I Won’t Watch (Girls), Don’t Ask Me

A friend suggested I blog about HBO’s Girls. But I can’t watch it. I saw the first couple of minutes of the pilot, and it was painful. I’m tempted to do a Sara Benincasa- style review  without having seen it, but I’m no Sara Benincasa, and besides it would take viewing more clips or reading more about it than I can handle.

I have my reasons:

1. Williamsburg – I lived there in the 80’s. When I moved into my floor-through apartment on Bedford between North 11th and North 12th, I think the rent was $250 a month, and the other tenants saw my arrival as a sign of end times. I was the pilot-fish of gentrification. These were days when you might go to a party at a loft and the fire department would show up to shut the whole thing down (true story). When whacky clubs opened for a day or two or neighborhood bars were occasionally taken over by large goth drag queens and various performance artists. Back then the arrival of Kasia’s – a place you could actual get a bite to eat – was a big deal indeed, and I frequently stopped by a tiny bakery between North 7th and North 8th for a danish or bagel in the mornings, and there were always the same old Italian and Polish regulars. There was some weird chemical plant across the street, and if I get cancer someday it will be from that.  Greenpoint and Williamsburg had the highest concentration of toxic material storage in the City, plus oil spills. Every once in a while the streets would flood bright yellow and there was a smell that even with the windows closed would seep from your nose onto your taste buds.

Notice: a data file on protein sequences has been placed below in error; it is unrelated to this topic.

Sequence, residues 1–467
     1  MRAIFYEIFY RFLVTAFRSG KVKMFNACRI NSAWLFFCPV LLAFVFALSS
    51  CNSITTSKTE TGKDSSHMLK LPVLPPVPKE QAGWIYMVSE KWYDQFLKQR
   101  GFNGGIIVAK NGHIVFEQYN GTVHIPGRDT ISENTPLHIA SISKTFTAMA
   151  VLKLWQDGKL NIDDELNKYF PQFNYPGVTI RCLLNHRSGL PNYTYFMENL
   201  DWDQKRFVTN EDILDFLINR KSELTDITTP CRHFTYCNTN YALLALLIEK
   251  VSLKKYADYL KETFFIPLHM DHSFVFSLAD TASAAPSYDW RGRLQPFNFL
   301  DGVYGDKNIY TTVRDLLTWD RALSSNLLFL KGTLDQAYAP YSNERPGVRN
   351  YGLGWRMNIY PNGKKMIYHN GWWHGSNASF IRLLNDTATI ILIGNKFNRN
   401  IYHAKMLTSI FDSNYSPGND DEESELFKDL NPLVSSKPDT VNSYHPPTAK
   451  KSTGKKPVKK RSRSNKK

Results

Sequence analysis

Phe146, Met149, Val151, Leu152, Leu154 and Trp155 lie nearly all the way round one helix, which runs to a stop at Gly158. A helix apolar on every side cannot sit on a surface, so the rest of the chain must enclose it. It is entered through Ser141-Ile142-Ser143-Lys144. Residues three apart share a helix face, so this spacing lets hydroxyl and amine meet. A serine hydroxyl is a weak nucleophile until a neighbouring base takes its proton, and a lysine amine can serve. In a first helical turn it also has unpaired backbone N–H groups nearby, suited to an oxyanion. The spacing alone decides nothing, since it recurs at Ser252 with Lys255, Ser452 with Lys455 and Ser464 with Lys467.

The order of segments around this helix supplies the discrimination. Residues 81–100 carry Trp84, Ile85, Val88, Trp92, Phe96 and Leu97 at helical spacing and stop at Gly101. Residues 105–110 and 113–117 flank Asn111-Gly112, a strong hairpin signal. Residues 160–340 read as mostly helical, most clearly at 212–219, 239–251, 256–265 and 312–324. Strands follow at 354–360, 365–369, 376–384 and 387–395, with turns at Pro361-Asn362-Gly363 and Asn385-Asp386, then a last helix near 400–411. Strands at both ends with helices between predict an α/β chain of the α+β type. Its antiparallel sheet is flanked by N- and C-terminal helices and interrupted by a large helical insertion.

Despite its being America’s Bhopul, by 1990, I already felt out of place, supplanted by the younger more beautiful people moving in.

Now, I’m completely intimidated by the place. I feel old, poor and ugly.

I get that the main character lives in Greenpoint, but really, the neighborhood boundaries are amorphous,  and Greenpoint is the new Williamsburg, but with a lousier train.

2. Who wants to see other people have bad sex? The first two minutes of the pilot, some girl is doing some boy who wants her to indulge him in a fantasy role-play, in which she is barely feigning interest, and I thought, “Is this entertainment?”

I understand there are a lot of these awkward unpleasant moments. Young women having adventures based on who they fuck, and maybe how. It’s not actually good sex. They aren’t having fun, but it’s a story they can tell later, or something. Is this still the world? Boys have the adventures, play in the bands, make the art, and the women live vicariously by screwing them and putting up with their bullshit?  Because I really don’t want to see that.

And girls, if this is your life, you probably won’t look back  and think, “That was interesting.” You’ll look back and ask yourself, “What the hell was I thinking?”

I’ve worked with bright young people. I have nieces and nephews in their twenties. They all seem to be smarter and more focused than I ever was. I do not want that illusion shattered. I hope if they are watching, they are saying, “What idiots these girls are!” and not, “I am just like them. It’s funny because it’s true.”